Maria Sharapova, the five-time Grand Slam champion and former No.1-ranked women’s tennis player in the world, has called it quits.
The 32-year-old made the announcement not at a press conference, but in an essay she wrote for Vanity Fair and Vogue. Her choice of venue shouldn’t exactly come as a surprise. Off the court, Sharapova has built a successful career in business and modeling.
In walking away from her 19-year professional career, she spoke directly to the game she loves, saying, “Tennis — I’m saying goodbye.”
“How do you leave behind the only life you’ve ever known?” Sharapova asks in her essay published Wednesday.
She describes the extremes of the game – the “untold tears and unspeakable joys” it brought her, adding that it’s “a sport where [she] found a family, along with fans who rallied [her] for more than 28 years.”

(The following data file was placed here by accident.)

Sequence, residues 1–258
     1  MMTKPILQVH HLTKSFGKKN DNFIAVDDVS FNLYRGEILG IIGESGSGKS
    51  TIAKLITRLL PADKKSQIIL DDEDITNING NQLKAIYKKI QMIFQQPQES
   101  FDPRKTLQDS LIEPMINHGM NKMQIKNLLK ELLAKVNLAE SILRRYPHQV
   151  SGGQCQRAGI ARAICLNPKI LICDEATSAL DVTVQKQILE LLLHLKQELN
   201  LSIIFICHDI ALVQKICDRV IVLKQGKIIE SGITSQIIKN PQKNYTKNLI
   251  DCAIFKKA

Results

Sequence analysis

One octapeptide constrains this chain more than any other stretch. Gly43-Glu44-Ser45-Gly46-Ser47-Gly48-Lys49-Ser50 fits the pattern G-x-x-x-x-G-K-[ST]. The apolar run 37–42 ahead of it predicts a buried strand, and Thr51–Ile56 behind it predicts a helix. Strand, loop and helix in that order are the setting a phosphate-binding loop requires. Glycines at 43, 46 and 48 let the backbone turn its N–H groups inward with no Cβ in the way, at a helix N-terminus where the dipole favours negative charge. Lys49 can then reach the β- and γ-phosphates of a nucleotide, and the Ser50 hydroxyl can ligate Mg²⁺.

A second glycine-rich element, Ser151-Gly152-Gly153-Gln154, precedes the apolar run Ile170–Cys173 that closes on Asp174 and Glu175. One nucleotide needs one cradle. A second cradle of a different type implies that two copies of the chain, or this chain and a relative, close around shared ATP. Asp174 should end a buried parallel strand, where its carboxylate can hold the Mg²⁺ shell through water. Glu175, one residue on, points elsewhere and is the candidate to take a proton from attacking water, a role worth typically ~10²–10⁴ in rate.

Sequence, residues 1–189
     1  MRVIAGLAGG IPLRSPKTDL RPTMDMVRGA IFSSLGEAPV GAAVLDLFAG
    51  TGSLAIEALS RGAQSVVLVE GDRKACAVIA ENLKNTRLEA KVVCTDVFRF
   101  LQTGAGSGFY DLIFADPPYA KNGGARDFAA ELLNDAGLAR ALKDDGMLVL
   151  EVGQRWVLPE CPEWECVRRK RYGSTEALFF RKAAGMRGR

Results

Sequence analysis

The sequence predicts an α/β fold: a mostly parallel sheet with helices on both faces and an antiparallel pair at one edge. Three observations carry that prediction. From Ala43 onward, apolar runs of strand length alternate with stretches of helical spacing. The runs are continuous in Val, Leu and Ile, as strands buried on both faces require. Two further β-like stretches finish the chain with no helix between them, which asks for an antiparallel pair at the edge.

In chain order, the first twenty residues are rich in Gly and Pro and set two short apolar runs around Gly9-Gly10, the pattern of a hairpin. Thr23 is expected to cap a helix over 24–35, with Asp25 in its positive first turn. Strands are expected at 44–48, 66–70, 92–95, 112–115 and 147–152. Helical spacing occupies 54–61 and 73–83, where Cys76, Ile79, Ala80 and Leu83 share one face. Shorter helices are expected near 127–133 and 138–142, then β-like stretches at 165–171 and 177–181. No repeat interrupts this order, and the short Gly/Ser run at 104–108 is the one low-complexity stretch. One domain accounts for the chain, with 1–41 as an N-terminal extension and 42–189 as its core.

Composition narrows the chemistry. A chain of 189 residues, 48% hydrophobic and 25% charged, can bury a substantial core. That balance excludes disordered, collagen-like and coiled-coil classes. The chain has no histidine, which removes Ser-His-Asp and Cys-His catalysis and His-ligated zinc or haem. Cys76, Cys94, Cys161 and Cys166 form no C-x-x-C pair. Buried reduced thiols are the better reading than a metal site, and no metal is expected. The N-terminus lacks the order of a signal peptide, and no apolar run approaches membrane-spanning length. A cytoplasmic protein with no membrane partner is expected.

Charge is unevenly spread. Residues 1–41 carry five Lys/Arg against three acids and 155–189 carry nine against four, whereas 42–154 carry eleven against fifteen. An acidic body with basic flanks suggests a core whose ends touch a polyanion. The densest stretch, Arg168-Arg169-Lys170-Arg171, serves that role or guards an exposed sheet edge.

She also tweeted a picture of her as a young girl posing with a racquet along with the message: “Tennis showed me the world — and it showed me what I was made of.”
The Russian-born Sharapova turned professional in 2001 at the age of 14. She won Wimbledon three years later, in 2004, by upsetting Serena Williams in the final. She outlasted all other competitors to win the U.S. Open in 2006 and then the Australian Open in 2008. Her final Grand Slam titles came at Roland-Garros, winning the French Open in both 2012 and 2014.